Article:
Most of the U.S. is at risk for winter storms, which can cause dangerous and sometimes life-threatening conditions. Blinding wind-driven snow, extreme cold, icy road conditions, downed trees and power lines can all wreak havoc on our daily schedules. Home fires occur more in the winter than in any other season, and heating equipment is involved in one of every six reported home fires, and one in every five home fire deaths.

 Generators

Portable generators are useful during power outages, however, many homeowners are unaware that the improper use of portable generators can be risky. The most common dangers associated with portable generators are carbon monoxide (CO) poisoning, electrical shock or electrocution, and fire hazards.

According to a 2013 Consumer Product Safety Commission (CPSC) report, half of the generator-related deaths happened in the four coldest months of the year, November through February, and portable generators were involved in the majority of carbon monoxide deaths involving engine-driven tools.

 Candles

December is the peak time of year for home candle fires; the top four days for home candle fires are New Year’s Day, Christmas, New Year’s Eve and Christmas Eve. Each year between 2009 and 2013, an average of 25 home candle fires were reported each day. 

 Electrical

Electrical home fires are a leading cause of home fires in the U.S. Roughly half of all home electrical fires involved electrical distribution or lighting equipment, while nearly another half involved other known types of equipment like washer or dryer fans, and portable or stationary space heaters.

 Christmas Tree Disposal

Christmas trees are combustible items that become increasing flammable as they continue to dry out in your home. Nearly 40 percent of home fires that begin with Christmas trees occur in January. Although Christmas tree fires are not common, when they do occur they’re much more likely to be serious. 

Safety Tip Sheets NFPA offers free safety tip sheets on a variety of fire and life safety topics. Download, print and share these tip sheets to spread the word about fire safety. 

Have Questions About Fire, Smoke, or Soot Damage? Call Today – (302) 392-6000

Fire Damage Restoration Process

After the fire trucks leave, your home likely suffers from fire and smoke damage and extensive water damage from firefighting efforts. SERVPRO of Bear/New Castle, DE have the specialized fire restoration training needed to restore your home to pre-fire condition.

Every fire damage event is a little different, and requires a unique solution, but the general process stays the same. The steps listed below illustrate our process for the “typical” fire damage emergency.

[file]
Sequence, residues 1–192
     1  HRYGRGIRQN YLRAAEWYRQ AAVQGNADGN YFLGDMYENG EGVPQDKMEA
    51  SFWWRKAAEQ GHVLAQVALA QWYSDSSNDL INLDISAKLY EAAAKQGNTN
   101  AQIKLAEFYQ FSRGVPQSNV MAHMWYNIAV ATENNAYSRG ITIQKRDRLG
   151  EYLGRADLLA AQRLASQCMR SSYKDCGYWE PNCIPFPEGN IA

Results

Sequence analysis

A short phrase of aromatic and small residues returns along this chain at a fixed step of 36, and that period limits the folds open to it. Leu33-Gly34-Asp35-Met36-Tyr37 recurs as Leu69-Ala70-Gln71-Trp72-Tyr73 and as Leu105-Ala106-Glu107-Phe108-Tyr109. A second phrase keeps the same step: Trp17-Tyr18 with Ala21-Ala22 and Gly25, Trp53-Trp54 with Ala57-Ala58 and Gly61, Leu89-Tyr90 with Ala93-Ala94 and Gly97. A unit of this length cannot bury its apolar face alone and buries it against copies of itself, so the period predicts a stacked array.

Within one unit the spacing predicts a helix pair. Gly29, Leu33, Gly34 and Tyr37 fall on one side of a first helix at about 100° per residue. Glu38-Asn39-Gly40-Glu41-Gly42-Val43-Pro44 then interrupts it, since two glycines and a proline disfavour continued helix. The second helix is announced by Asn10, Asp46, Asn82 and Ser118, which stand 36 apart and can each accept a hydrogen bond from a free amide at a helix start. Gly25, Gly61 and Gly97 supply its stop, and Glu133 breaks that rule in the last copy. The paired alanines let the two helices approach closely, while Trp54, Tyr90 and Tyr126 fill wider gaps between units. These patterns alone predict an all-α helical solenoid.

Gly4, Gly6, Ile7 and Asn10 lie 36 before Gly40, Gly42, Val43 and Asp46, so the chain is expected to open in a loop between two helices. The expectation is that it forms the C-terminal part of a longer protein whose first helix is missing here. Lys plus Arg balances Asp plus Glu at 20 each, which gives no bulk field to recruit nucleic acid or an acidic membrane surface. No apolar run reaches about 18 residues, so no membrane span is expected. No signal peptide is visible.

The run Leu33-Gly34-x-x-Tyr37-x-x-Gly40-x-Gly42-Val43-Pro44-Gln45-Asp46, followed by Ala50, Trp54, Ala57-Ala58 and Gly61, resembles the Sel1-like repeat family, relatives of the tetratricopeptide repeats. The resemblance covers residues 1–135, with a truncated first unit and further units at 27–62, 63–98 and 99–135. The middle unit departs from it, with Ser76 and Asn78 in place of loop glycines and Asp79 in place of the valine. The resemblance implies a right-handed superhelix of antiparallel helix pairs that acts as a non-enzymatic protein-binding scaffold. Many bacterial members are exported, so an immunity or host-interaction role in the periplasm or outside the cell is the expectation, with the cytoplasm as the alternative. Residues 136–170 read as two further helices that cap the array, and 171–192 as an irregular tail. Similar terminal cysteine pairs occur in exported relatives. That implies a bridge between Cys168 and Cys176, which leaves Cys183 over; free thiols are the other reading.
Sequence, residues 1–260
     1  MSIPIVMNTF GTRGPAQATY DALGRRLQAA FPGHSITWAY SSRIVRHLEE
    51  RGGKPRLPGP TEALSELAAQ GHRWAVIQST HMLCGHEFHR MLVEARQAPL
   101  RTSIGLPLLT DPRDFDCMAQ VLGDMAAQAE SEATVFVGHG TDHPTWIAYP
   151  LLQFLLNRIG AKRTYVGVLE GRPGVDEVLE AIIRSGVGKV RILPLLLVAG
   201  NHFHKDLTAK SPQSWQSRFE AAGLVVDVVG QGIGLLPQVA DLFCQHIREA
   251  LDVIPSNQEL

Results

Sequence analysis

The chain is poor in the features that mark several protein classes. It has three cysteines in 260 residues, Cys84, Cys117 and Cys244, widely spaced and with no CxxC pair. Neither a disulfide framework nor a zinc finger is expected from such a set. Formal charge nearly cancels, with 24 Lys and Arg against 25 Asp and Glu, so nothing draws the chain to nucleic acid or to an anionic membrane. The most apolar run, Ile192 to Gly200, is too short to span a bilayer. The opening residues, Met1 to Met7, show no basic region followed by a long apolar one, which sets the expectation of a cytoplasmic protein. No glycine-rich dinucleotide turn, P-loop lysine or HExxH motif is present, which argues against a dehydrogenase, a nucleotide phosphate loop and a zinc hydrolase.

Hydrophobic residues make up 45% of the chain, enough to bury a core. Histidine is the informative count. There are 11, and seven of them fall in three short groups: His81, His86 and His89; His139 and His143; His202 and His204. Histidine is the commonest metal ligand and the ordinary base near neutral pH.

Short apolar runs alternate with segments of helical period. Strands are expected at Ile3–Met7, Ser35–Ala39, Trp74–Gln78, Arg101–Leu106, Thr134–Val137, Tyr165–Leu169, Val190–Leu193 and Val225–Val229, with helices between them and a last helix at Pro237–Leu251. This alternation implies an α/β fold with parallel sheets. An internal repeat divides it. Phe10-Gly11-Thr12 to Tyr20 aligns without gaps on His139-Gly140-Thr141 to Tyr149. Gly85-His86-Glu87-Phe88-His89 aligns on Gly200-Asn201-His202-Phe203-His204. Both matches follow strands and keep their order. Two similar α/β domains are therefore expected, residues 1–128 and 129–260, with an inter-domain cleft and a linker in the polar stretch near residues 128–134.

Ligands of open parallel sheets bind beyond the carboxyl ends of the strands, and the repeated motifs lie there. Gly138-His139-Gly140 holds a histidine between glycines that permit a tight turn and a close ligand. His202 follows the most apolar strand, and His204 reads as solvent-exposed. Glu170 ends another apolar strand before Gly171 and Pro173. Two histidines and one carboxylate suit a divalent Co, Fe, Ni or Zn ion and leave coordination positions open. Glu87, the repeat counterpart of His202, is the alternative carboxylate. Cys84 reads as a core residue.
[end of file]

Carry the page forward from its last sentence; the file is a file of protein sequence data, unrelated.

Step 1: Emergency Contact

The restoration process begins when you call us. Our representative will ask questions regarding the fire damage event that will help us respond immediately with the appropriate equipment and resources. 

Step 2: Inspection and Fire Damage Assessment

We carefully inspect and test adjoining rooms of your property to determine the extent of the fire, smoke, and soot damage. This step is crucial to developing a plan of action. 

Step 3: Immediate Board-Up and Roof-Tarp Service

Fire damage can often compromise windows, walls, and roofs. To maintain security and to protect against further damage, we can board up missing windows and walls and place tarps on damaged roofs. 

Step 4: Water Removal and Drying (if water damage is present)

The water removal process begins almost immediately and removes the majority of the water. We then use dehumidifiers and air movers to remove the remaining water and complete the drying process. 

Step 5: Removal of Smoke and Soot from All Surfaces

We use specialized equipment and techniques to remove smoke and soot from ceilings, walls, and other surfaces. 

Step 6: Cleaning and Sanitizing

We clean, sanitize, and disinfect all of the restorable items and structures that were damaged by the fire. We use a variety of cleaning techniques to restore your belongings to pre-fire condition. We’re also trained to remove odors using industrial air scrubbers and fogging equipment.

Step 7: Restoration

Restoration is the final step—getting your home or business to its pre-fire condition. Restoration may involve minor repairs, such as replacing drywall, painting, and installing new carpet; or it may entail major repairs such as the reconstruction of various areas or rooms in a home or business.